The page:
This week, Pfizer’s COVID-19 vaccine for kids under 12 was officially recommended by the CDC, after a unanimous vote from its independent advisory committee and the FDA’s authorization based on safety and efficacy data.
In their analysis, the FDA said the benefits of the vaccine “clearly outweigh” the risks. The risks, which were referenced in a cost-benefit examination of the data, included circumstances that popped up in the study that were unrelated to getting the vaccine (like a broken arm and an accidentally swallowed penny that occurred during the observational period).
As parents around the U.S. race to find appointments, Ira talks to science journalist Maggie Koerth about the safety data and what’s next for parents of young kids, including those under 5.
They also discuss a NASA test of a system to defend the planet from killer asteroids, a new prediction that climate change will change the availability of food crops within the next ten years, and other science news headlines.
What’s Next For Kansas After 20 Years Of Wind Power?
The wind farm business in Kansas has hit its awkward adolescence. It’s still growing 20 years in, but unsure what the near future might hold.
If it wants to get through those tough years and continue to grow, it needs to find more workers, to figure out what to do with the dated-but-not-obsolete turbines erected two decades ago and to sort out a way to carry all that wind-harvesting muscle beyond the state’s borders.
Consider the burly, newest version of wind farming at the Cimarron Bend wind farm south of Dodge City. “We just watch and listen to the towers,” said project supervisor Dewain Pfaff, who’s responsible for keeping about 300 turbines up and running. “If you can hear a noise we want to mitigate those issues as soon as possible.”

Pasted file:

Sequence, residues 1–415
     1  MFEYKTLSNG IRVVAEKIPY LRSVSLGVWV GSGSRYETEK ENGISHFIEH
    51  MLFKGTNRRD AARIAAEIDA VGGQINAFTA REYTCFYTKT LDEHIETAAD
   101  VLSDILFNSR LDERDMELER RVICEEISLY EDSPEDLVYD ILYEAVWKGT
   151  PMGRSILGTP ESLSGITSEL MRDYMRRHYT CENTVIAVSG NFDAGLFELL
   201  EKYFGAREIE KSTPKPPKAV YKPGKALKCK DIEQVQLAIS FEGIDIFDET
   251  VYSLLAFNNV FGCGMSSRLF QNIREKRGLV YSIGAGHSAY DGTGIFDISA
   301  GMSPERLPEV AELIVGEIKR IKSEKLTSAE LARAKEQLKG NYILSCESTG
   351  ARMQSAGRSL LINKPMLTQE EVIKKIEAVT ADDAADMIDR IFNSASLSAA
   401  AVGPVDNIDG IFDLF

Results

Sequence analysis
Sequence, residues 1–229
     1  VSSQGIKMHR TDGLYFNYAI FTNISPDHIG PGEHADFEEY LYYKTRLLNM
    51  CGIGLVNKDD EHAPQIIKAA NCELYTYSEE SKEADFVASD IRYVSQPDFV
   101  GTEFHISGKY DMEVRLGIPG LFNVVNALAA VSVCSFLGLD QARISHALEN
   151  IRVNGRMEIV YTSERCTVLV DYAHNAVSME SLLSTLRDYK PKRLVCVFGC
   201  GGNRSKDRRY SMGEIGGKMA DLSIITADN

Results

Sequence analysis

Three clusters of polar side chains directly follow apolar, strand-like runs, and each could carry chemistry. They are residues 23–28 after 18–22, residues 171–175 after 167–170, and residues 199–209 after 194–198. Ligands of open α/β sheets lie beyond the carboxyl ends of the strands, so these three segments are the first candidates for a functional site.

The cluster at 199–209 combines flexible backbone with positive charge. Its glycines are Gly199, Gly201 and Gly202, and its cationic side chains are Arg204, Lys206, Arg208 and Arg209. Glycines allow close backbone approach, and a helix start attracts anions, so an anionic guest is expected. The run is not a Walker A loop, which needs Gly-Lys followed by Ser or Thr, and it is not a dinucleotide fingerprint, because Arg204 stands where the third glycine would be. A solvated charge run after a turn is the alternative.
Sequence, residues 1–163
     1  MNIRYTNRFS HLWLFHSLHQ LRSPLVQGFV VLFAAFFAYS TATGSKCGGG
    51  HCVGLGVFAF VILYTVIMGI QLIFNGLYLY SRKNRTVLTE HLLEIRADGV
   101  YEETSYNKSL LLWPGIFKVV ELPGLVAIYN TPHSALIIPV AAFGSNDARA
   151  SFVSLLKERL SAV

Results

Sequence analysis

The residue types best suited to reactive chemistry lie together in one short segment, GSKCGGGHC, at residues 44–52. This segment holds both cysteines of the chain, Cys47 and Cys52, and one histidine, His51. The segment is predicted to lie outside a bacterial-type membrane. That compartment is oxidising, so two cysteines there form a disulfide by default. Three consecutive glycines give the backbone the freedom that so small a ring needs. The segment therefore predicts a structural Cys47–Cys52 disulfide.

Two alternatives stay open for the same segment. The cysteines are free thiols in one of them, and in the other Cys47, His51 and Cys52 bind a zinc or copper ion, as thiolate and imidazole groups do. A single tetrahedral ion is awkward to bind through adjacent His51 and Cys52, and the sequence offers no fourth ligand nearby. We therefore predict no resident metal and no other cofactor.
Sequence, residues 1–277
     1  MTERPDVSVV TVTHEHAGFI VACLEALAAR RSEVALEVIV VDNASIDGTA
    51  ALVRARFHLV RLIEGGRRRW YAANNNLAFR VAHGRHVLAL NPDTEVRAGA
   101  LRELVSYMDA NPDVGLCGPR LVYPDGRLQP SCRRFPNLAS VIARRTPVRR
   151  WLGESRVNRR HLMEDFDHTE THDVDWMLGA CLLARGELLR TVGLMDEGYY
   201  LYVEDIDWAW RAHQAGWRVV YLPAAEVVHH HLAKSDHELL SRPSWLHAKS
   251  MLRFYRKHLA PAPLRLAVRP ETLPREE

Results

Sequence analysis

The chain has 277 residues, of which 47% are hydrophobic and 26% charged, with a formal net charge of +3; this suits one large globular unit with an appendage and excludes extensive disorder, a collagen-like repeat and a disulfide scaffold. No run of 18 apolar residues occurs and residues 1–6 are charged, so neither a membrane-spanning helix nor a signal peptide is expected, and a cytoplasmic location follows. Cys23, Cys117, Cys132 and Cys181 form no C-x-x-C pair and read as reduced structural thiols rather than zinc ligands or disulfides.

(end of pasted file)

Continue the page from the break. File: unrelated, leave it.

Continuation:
Standing at the base of one of the newest turbines on the site, he’s dwarfed by the tower that rises 300 feet into the air. That’s almost as tall as the Kansas State Capitol. Add in the blade when pointing straight up and it’s taller than the tallest building in the state. That mammoth size is one way wind turbines have changed over the past 20 years. While the turbine is nearly 300 feet tall, the turbines at the very first large-scale wind farm in the state stretched only 200 feet above the ground. Transporting larger towers and blades is trickier, but inevitable.
SciFri Reflects On Three Decades Of Covering Science News
Thirty years ago this week, on Nov 8, 1991, the first episode of Science Friday aired as part of NPR’s “Talk of the Nation” series. After 30 years, over 9,000 interviews, and several changes of distributors, offices, and studios, the program is still going strong.
In this segment, host and executive producer Ira Flatow and SciFri director Charles Bergquist reminisce about some of the great guests and listener questions they’ve heard over the course of the program—from the very first episode, featuring the late Nobel Laureate Sherwood Rowland talking about the ozone hole, to a young fan helping to celebrate SciFri’s Cephalopod Week with her own ode to an octopus. Plus, moments with Jane Goodall, Sylvia Earle, astronaut Leland Melvin, the late Carl Sagan, and more.